In his new book Midnight in Peking, British author Paul French re-opens a murder case long lost to the tumultuous tides of Chinese history. On the book’s website, French sets the historical context and introduces the case:
The book probes the mysterious 1937 murder of Pamela Werner, daughter of E.T.C. Werner, a British representative to the Qing court turned Peking ex-pat and sinologist. The World’s Mary Kay Magistad talked with French about the victim’s father and his contribution to the new book:
French says Werner used his own money to hire detectives and buy evidence off of rickshaw drivers, bartenders, prostitutes — anyone who might have caught a glimpse of his daughter’s last hours. Werner compiled a report to send to the British government, so it could follow up on the death of a British subject in a foreign land.
He sent off the document — 150 typed pages with hand-written notes in the margins — just before the 1941 attack on Pearl Harbor.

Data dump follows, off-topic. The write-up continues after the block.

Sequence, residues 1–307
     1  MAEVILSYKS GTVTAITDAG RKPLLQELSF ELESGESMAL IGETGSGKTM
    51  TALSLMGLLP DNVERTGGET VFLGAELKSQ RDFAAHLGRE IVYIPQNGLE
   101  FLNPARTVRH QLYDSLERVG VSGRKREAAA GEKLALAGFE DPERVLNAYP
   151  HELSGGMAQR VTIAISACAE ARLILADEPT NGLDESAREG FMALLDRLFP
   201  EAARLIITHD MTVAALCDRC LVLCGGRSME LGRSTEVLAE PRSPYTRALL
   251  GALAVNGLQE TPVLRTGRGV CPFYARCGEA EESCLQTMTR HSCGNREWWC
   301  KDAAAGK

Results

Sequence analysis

“But it doesn’t get to London until 1943, because of the disruption of the sea lanes and World War II,” French said. “When it gets to London in 1943, they look at it, they sign it as accepted, and they put it in the files — and they forget about it.”
There it sat until Paul French discovered it, during the five years he spent poring over British archives and retracing Pamela’s steps in researching his book.[…]
A review in The Telegraph praises the book, and describes the neighborhood where Pamela’s body was found and much of the book is set – a squalid foreign underworld nestled in the hutongs of old Peking:
The mystery darkens in this network of alleys that surrounded the Quarter with brothels, dive bars and opium dens. Here, we find the scintillating low-life of White Russian pimps and prostitutes scratching an illegal living alongside Chinese and European desperadoes, Korean mercenaries and redundant warlords. The colonial classes satisfied their droit seigneurial appetites in the squalor of these alleyways. Although French does not waste words on building atmosphere, it seems the Legation residents were so giddy with wealth and privilege, they could not see Peking’s streets were seething with starving peasants fleeing the Japanese.